Sunday, March 26, 2017

It's not too late to opt out & more reasons to do so-- including to protect your child's privacy and deny them the data!

On Tuesday begin three days of NY state ELA exams for grades 3-8.  Last year, about 265,000 NY students in these grades opted out --22% of students statewide.  It's not too late to opt your child out now!

See the video below with ten good reasons to opt out, from NYC Opt Out.  Check out their website for sample opt out letters you can email to hand to your child's principal and teacher.

Top Ten Reasons To Opt Out from Shoot4Education on Vimeo.

If you're not convinced yet, here are eight more reasons, from teacher/blogger extraordinaire, Peter Greene.  Here are even more reasons from NYC teacher and parent Katie Lapham.

Still not convinced? NYSAPE has some excellent fact sheets and refutations of NYSED's talking points, showing how the tests are still overly long, developmentally inappropriate, and essentially flawed, designed to show the majority of the state's students as failing.

As mentioned by several of the links above, denying the data-miners and privacy violators is a top reason to opt out.  After nearly three years, New York State Education Department has still not enforced the student data privacy law passed in 2014 after the collapse of inBloom.  The outsourcing of students' personal data continues essentially unregulated, with few if any security protections.  The Parent Bill of Student Privacy Rights is still flawed and incomplete - as we have repeatedly pointed out to state officials, and has not been expanded as a result of public input, as the law requires.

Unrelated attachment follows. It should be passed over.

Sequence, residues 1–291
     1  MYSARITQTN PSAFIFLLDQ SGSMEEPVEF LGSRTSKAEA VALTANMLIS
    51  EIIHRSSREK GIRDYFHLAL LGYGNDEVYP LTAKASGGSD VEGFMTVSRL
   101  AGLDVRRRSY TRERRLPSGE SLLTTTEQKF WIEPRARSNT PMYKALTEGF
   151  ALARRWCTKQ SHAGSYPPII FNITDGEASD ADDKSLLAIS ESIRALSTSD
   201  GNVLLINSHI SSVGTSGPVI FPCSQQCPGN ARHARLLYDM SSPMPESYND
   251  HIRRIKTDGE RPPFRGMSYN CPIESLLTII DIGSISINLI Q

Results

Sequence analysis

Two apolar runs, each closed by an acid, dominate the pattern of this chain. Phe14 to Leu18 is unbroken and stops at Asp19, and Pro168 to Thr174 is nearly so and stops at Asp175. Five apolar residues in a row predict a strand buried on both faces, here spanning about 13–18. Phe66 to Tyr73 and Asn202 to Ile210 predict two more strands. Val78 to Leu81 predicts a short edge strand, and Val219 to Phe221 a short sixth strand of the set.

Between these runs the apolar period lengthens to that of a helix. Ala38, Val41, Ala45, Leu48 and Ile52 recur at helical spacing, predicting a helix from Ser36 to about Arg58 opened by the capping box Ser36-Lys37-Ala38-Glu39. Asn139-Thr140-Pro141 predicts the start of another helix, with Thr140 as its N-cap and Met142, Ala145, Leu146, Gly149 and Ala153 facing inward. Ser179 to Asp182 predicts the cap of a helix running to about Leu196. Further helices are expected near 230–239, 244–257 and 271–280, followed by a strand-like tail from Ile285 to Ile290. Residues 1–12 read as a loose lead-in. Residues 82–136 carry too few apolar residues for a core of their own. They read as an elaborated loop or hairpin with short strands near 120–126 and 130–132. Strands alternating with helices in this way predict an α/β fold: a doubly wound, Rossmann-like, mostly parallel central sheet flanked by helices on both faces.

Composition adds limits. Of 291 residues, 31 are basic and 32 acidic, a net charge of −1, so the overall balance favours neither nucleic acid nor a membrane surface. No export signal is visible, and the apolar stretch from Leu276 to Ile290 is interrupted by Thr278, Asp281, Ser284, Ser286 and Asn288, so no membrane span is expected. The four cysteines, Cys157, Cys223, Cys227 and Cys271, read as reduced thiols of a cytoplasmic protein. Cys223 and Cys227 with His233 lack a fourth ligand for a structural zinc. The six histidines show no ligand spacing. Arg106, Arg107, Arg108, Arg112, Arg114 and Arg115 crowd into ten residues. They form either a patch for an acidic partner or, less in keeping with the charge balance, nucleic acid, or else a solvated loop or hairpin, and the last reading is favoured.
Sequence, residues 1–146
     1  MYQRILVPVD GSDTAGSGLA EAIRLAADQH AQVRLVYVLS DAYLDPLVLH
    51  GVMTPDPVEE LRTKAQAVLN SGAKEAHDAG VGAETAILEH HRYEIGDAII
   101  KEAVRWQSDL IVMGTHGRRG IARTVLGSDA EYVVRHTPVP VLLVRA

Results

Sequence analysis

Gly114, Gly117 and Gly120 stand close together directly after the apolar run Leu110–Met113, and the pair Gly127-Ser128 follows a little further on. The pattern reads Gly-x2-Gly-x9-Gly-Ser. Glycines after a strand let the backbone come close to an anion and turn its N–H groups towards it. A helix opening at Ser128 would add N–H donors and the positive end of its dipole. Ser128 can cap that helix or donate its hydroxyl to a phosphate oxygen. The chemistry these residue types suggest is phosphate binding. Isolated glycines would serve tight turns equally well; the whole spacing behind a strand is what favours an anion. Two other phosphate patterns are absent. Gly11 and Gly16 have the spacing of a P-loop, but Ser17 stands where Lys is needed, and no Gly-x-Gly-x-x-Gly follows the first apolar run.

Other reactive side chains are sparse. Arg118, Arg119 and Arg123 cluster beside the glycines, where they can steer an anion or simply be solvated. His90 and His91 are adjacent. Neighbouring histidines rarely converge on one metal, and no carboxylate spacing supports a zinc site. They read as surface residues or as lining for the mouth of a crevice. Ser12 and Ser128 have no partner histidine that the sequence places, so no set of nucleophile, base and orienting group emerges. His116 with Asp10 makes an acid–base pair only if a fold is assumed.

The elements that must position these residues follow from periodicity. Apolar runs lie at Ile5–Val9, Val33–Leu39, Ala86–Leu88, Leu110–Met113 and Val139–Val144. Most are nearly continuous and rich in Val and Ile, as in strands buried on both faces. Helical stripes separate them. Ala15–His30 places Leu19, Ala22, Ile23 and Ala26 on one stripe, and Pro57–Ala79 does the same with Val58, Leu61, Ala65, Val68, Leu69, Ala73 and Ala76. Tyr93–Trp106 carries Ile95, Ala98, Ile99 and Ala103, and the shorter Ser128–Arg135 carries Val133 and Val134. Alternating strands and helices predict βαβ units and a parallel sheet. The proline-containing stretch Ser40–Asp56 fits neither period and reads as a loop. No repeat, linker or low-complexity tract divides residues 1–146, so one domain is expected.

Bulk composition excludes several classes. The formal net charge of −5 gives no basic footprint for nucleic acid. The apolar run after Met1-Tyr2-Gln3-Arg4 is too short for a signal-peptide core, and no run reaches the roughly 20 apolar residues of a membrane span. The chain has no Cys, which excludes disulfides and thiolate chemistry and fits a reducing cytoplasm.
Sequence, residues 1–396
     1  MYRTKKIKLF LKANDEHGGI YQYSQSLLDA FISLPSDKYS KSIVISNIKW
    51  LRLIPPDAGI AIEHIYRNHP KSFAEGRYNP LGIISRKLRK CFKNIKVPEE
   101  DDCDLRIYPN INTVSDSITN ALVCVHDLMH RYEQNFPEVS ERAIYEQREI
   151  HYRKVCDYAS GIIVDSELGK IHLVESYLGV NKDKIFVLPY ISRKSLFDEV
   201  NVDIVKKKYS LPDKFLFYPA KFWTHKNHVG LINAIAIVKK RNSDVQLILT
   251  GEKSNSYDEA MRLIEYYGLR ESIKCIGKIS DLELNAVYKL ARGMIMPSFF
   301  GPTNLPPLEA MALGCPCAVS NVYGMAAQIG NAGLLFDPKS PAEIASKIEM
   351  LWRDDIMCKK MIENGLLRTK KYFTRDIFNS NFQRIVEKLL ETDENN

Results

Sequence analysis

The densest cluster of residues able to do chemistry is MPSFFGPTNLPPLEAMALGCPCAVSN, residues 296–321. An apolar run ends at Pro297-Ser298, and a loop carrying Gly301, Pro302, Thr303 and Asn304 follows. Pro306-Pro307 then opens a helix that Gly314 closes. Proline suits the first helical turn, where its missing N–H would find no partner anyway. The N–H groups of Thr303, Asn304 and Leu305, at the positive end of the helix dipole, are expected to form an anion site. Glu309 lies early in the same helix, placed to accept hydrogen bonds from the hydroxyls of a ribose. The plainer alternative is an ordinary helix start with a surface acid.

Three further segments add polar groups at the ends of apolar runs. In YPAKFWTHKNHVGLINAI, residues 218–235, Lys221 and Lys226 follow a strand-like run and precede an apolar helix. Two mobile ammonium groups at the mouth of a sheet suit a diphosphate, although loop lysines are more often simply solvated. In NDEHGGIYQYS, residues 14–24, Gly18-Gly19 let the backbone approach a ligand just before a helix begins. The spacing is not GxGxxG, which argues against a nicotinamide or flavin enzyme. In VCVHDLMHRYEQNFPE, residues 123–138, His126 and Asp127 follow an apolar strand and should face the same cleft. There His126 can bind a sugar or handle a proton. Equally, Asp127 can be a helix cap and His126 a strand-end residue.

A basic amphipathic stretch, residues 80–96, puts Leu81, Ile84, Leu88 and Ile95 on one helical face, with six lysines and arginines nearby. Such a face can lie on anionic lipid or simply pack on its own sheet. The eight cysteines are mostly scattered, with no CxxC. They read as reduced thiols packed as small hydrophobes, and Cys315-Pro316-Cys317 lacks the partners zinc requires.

Even though NY state law proclaims  that these unreliable test scores are not supposed to go into your children's permanent record, they go straight into the state longitudinal database -- which is the definition of a permanent record. And despite promises made by the state to the federal government in 2009, NYSED has failed to establish a stakeholder data advisory board, so that citizens can oversee the collection, storage and disclosure of the massive personal data that the state collects.

Here is the letter NYSAPE and Class Size Matters sent State Education officials Beth Berlin, Alison Bianchi and Temitope Akinyami after meeting with them March 1. Below are just some of the glaring problems with the Parent Bill of Rights and the state's refusal to enforce the state privacy law, that we shared with them following our meeting.

No comments: